Basking in the glory of the Conservatives’ 2019 election win, Rishi Sunak would never have guessed that, four months later, he’d be a Tory Chancellor playing socialist by paying the salaries of almost a quarter of the private-sector workforce.
The government is keen to return to the old normal, but the coronavirus crisis has pushed previously radical ideas closer to the mainstream.
None more so than basic income.
Today, a basic income seems more like a necessity than a luxury, as many have found that their jobs are unexpectedly precarious, and an unprecedented number have found themselves applying for Universal Credit.
So what is it, and how would it work? Sussex Bylines spoke to Maggie Gordon-Walker and Richard High of Basic Income South East to find out.
Their petition for a basic income trial in Brighton & Hove will be presented by Councillor Martin Osborne to the full council in October. The trial would aim to explore the impact of basic income on workers in precarious employment, on poverty and inequality, and on community and social cohesion.
The petition argues that basic income ‘would dramatically reduce, if not eliminate poverty in the UK, improve the well-being of everyone and help the local economy. Every individual would receive regular payments from the government with no strings attached, taking away the conditionality that the current welfare system has. By covering everyone’s basic needs, a basic income would enable them to … thrive rather than just survive.’
Anyone who has experienced the stressful and demeaning process of applying for Universal Credit would surely support the removal of conditionality. But, critics ask, why give people money for nothing?
Richard High responded, ‘Many people work for nothing – parents, community volunteers at food banks or homeless charities and so on – and their work is not recognised by the current means-tested benefit system, despite the fact that it is worth billions to the UK’s economy. A basic income guarantees a basic level of financial security for everyone.’
Gordon-Walker, also the director of charity project Mothers Uncovered, was moved to create the petition partly because her work has shown her how many families, especially mothers, are struggling. She said, ‘The ONS has estimated there were around two million mothers at home in the UK, branded ‘economically inactive’, yet doing the equivalent of around £350bn of unpaid childcare. Mothers and fathers and those that care for elders or the disabled should be supported to do their caring work, not be stigmatised and shamed into ‘going back to work’.’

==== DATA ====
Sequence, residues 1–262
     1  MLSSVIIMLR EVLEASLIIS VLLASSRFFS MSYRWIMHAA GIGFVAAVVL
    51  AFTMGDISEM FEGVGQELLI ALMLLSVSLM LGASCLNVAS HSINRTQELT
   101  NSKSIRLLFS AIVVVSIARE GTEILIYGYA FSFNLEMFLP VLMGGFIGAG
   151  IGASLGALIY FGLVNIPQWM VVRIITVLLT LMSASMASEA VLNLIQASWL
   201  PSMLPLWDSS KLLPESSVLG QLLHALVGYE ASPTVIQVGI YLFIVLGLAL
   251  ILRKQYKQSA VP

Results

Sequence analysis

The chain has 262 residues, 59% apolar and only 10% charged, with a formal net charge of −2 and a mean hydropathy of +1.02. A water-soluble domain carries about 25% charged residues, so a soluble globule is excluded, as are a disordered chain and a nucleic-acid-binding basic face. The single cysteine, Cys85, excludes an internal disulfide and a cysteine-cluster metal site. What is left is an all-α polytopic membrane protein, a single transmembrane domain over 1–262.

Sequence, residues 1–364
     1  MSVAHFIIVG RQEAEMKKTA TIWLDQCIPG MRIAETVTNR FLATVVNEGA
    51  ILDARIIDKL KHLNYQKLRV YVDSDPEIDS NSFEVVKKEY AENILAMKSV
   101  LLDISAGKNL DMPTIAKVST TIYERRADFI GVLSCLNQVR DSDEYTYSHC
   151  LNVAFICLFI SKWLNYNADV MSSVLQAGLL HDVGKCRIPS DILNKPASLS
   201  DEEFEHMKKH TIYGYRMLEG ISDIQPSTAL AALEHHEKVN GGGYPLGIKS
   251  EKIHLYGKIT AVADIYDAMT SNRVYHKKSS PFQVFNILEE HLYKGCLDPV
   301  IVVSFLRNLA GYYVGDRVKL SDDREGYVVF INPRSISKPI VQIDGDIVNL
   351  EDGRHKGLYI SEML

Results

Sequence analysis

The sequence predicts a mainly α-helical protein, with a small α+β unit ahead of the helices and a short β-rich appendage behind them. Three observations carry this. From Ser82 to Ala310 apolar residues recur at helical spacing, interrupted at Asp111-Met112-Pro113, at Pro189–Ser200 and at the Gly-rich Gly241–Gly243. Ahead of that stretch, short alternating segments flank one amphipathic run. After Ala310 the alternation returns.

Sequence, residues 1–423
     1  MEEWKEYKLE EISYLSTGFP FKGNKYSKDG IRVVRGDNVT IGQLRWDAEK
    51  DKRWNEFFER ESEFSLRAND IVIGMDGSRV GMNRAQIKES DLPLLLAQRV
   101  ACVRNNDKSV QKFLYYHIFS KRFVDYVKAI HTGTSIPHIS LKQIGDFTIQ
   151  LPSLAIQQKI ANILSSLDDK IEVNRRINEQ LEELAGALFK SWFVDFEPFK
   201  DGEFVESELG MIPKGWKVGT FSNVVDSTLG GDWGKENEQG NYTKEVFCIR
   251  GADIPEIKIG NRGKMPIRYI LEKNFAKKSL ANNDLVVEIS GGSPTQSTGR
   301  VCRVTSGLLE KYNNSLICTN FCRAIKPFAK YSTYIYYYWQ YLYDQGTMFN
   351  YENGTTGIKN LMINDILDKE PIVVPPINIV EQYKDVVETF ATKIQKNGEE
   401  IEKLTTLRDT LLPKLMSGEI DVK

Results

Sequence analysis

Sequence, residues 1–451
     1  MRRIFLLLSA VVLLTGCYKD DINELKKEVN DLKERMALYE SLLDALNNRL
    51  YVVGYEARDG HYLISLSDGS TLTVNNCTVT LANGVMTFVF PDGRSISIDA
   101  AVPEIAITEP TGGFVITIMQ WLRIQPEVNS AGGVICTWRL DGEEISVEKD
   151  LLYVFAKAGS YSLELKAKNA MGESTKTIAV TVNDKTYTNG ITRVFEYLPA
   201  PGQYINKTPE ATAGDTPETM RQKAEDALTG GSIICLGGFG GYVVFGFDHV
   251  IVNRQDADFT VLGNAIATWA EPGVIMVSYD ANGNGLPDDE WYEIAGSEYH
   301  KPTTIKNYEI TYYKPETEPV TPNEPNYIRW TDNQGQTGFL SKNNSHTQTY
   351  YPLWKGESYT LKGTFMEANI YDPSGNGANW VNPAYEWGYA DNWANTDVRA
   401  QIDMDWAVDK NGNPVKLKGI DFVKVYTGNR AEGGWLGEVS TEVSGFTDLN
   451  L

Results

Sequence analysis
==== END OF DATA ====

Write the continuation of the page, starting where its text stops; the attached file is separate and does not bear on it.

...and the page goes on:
And today’s benefits system is ill-designed for its ascribed purpose of pushing people into work. Currently, those moving from universal credit to paid employment can lose 73% of their earnings, while under a basic income scheme, they would keep their basic income, giving them greater choice and flexibility in the labour market.
Indeed, a recent trial in Finland found that basic income boosted recipients’ mental and financial well-being, as well as modestly improving employment.
Sounds great – but can we afford it? ‘Can we afford not to?’ responded High. ‘Wealth inequality is rising, while social mobility is falling. The old system isn’t working for everyone, just the few. We need to look at how we can change this to make things fairer for everyone.
‘Economists and think tanks – including Compass, the Royal Society of Arts, Professor Guy Standing from the Progressive Economy Forum, UBI Lab Sheffield, and the New Economics Foundation – have developed detailed proposals for a basic income and how it will be paid for. Funding options include progressive taxation, so that higher earners pay their basic income back in tax; closing some of the 1,156 HMRC-registered tax loopholes, many of which disproportionately benefit the wealthy; increasing corporation tax to 2010 levels; plus options such as a carbon tax, which would tackle the climate emergency and distribute revenues to everyone in the form of a basic income; or the creation of a sovereign wealth fund, which has funded the modest basic income in Alaska since 1982.’
With its radical tradition, it is no surprise to see Brighton & Hove as one of the cities leading the way. High said that ‘a basic income pilot in Brighton would contribute to the discussion and public awareness of the tax and benefit system, particularly around how the system works, where money goes, conditionality, and possible alternatives.’
Gordon-Walker said that Brighton was the perfect place for a trial. ‘It’s seen as being an affluent city, which it is, but there is a lot of deprivation too. Even those living in areas that are not considered ‘deprived’ are struggling to make ends meet. The women who attend our groups are not wealthy. Many work in jobs that barely cover the very high rents that exist in the city.’
In a society where so much unpaid work is done, and where automation threatens traditional employment, we need to reconsider our work and benefits system. The coronavirus crisis has sharpened that focus, exposing the holes in our welfare system.
So we need to think again about the work that people do and how it is valued. No surprise, then, that everyone seems to be talking about basic income. It increasingly seems like the core of a modern welfare system that works for all. As Brighton and Hove council moves to new management, the time for radical thinking is now.
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